coneflowersAll Adults Are The Protectors of All Children

Please donate now and support these pages &

1) Our documentary on the needs of at-risk children and breaking the cycle of abuse

2) Our second book, a collection of micro-bios following at-risk children through their journey

Accepting all donations, small and large. Their lives will not improve without help.

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January 2017 Sad Stories Part II

KARA tracks current news about at risk children bringing transparency and attention to our youngest and most vulnerable citizens. Please note that what you see here is only a sampling of what should be reported – the great majority of child trauma & abuse never gets reported.

American states are struggling to find answers for saving at risk children and reversing the explosive growth of child abuse and neglect. Today, many state ward children are the 4th and 5th generation of abused children raising their own families without parenting skills and serious drug, alcohol and mental health issues

37% of children overall and 57% of Black children are reported to child protection services in America by the time they turn 18. (American Journal of Public Health 1.17)

12 million children a year are reported to child protection services each year and in many states, 1/3 of foster children are required to take psychotropic medicines

ALL ADULTS ARE THE PROTECTORS OF ALL CHILDREN

Compilation of information and writing on this page is the hard work of David Vang, Mike Toronto, Jamar Weston, Adolf Nchanj and Blaz Zlate, Callie Benscoter, (student volunteers at Century College) Katie Frake, Boston College, Julie O, and KARA.

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Donate Books For African Children (no better way to part with old friends)

The perfect way to part with treasures that can keep on giving (and to children). St Paul and Georgia locations provided below & please read the book donation rules.

KARA supports this effort and asks you to share this link on Facebook and other social media.

All Adults Are The Protectors of All Children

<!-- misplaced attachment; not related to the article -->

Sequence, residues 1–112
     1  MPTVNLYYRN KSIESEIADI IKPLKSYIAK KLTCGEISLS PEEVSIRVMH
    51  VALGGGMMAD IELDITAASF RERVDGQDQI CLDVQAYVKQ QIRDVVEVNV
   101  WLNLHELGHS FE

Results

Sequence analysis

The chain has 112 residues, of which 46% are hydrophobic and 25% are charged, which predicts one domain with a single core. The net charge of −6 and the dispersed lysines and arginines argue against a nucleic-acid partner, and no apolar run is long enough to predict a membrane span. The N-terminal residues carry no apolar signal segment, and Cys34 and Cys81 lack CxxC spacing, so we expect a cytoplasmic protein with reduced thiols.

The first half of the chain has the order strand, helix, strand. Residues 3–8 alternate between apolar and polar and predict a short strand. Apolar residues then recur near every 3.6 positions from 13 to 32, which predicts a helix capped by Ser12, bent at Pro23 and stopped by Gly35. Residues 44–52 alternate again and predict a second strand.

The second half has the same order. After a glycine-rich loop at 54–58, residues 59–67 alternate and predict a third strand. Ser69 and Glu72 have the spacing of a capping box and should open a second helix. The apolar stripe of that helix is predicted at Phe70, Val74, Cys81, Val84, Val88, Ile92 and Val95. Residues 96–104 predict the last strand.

Donate Books

Books For Africa appreciates all book donations. It costs 50 cents to ship each book to Africa. Consider making a financial donation to cover the costs of shipping the books you donate. Please send financial donations separately in an envelope to the BFA office: Books For Africa, 26 East Exchange Street, Suite 411, St. Paul, MN 55101, USA. Or make a donation online.

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Florida Child Protection News for January 2017

Beautiful white heron hunting

Florida Child Protection News is gathered for KARA by Dr. Denise R. Womer, Ph.D., a former law enforcement officer for 17 years and former DCF Investigator for the State of Florida. Dr. Womer has taught in higher education for 14 years and currently is a Professor for Kaplan University teaching in the School of Social and Behavior Sciences.

In Florida, fourteen news articles reviewed revealed infants and children suffered either abuse, neglect, or death from parents and or their caretakers. These parents or caretakers were discovered in some cases to be under the influence of drugs or alcohol, engaged in some form of domestic violence, left an infant or children unsupervised or intentionally physically assaulted the victim. This is only part of the story in Florida.

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Why We Need You – Speak For An Abused Child in Court (short video)

Volunteer: Be the voice for a child that doesn’t have one! (Greater Minneapolis-St. Paul Area OPPORTUNITIES)

One hundred and seventy five Hennepin County children are without a guardian ad litem today – WE NEED VOLUNTEERS.

Do you know any? Send this to a friend and share it with your social media.

With the response to recent reporting of child abuse and child death in MN, a corresponding increase of child abuse cases are entering the system & means that volunteers are badly needed.